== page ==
‘Magic in the Water’ (PG)By John F. Kelly
Washington Post Staff Writer
September 01, 1995
"MAGIC IN the Water" is the kind of thing NBC used to serve up on Sunday's "Wonderful World of Disney": inoffensive entertainment that sticks to well-worn grooves, can be enjoyed by the entire family and has a feel-good message at the end. Twenty years ago it might have had a widowed mom and a young Jodie Foster. Today it's got a divorced dad played by Mark Harmon.
Divorced pop psychologist Jack Black (Harmon) dispenses staccato advice over the Seattle airwaves: "Stop whining!" he shouts. "Get over it!" Naturally, he has no idea how to interact with his own kids, 10-year-old Ashley (newcomer Sarah Wayne) and 15-year-old Josh (Joshua Jackson, looking like the leading candidate for "The Greg Brady Story"). They're at an age when they need his attention, but even after whisking them away for a month at a lake-front house in Canada, he's distracted by the chirrup of the cellular phone and a looming book deadline.
Like Loch Ness, the British Columbia town of Glenorky has a mysterious lake monster, a massive creature called Orky. It's spawned tacky tourist tchotkes, attracted a Japanese scientific expedition and has even taken an arm each off the ne'er-do-well Hardy brothers—who may be up to no good.
Smart parents will be able to telegraph the movie's plot points immediately: The kids will stumble onto something. With the monster's help, Harmon will come to realize the importance of family. Someone will say, inevitably, "Orky, I love you!"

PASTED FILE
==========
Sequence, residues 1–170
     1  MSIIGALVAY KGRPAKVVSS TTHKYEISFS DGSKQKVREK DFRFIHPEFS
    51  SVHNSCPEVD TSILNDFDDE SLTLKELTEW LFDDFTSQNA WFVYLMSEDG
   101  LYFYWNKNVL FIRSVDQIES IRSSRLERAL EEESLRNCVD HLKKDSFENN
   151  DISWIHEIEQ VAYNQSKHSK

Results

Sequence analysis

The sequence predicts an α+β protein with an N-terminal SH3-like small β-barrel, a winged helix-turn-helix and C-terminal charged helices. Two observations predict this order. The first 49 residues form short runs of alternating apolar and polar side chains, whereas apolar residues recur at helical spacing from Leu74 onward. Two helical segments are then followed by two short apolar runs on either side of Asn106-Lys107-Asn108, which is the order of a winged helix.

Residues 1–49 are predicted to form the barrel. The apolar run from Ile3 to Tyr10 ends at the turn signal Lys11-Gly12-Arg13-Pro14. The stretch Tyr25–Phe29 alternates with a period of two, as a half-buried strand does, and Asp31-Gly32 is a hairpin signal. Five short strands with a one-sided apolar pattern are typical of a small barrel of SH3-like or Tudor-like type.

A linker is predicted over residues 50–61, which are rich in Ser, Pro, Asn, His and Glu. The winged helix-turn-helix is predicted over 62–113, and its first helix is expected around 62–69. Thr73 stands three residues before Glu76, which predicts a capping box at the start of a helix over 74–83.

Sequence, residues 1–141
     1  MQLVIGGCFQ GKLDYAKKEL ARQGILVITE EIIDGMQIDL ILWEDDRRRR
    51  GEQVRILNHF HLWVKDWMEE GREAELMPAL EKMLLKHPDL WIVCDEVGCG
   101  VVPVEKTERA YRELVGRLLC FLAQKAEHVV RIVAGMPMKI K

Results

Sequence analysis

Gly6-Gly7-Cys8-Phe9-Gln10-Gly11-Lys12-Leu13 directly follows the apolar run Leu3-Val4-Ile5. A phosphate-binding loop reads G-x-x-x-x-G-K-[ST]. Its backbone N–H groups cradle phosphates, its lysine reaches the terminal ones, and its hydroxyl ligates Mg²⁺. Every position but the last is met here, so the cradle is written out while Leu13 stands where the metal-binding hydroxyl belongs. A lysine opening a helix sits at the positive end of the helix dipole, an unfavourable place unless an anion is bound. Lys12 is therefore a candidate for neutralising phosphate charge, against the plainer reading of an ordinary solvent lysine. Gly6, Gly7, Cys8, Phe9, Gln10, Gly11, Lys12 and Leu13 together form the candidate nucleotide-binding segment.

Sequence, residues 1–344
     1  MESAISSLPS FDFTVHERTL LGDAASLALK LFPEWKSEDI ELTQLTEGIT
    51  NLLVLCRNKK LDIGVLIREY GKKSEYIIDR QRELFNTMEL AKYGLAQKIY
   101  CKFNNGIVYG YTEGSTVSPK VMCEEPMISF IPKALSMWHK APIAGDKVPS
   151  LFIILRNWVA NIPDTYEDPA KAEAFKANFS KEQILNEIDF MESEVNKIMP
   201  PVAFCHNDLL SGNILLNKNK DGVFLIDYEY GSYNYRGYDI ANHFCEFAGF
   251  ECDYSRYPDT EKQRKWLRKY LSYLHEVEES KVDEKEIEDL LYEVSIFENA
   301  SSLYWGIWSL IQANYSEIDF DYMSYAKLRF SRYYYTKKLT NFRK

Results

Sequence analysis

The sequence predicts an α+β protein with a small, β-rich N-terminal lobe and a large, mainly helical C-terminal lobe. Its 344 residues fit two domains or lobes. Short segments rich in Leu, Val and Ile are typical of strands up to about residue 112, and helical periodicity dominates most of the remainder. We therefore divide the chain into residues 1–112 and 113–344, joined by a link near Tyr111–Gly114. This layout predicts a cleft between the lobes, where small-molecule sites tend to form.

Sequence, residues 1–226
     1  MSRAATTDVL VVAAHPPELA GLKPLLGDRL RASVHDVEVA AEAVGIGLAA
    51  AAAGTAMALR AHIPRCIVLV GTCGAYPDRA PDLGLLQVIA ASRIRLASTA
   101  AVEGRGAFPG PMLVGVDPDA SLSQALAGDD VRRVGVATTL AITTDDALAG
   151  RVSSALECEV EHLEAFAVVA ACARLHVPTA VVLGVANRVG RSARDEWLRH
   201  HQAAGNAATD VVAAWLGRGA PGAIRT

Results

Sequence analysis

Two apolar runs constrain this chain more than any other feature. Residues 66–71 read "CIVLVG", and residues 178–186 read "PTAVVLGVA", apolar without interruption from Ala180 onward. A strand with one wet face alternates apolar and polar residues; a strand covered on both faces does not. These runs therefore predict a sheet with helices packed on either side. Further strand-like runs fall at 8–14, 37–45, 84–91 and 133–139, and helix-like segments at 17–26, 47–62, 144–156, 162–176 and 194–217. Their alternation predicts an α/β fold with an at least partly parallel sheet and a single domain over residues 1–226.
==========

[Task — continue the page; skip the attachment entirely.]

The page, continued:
Despite these cliches, director and co-screenwriter Rick Stevenson has created some original moments. Recurring slow-motion scenes of fish jumping into a boat manned by two boys suggest the town's mystical nature. A group of men—Harmon soon among them—visits cute town psychiatrist Wanda Bell (Harley Jane Kozak), all suffering from a psychosis that they've been "inhabited" by the monster. Young Ashley first suspects Orky's existence when he noshes on a favorite snack of hers. (How much did Oreo cookies pay, you wonder, to be Orky's junk food of choice.)
And the movie's occasionally funny: Teenager Josh, desperate to be taken seriously by his father, announces of a series of increasingly ludicrous vehicles, "I bet I could drive this."
So, there's a little magic in "Magic in the Water." Just enough, in fact, that you should look out for it when it shows up on television.
MAGIC IN THE WATER (PG) — Nothing too scary, though the father's psychosis may upset some children and the older brother says "damn" and "hell" a few times.
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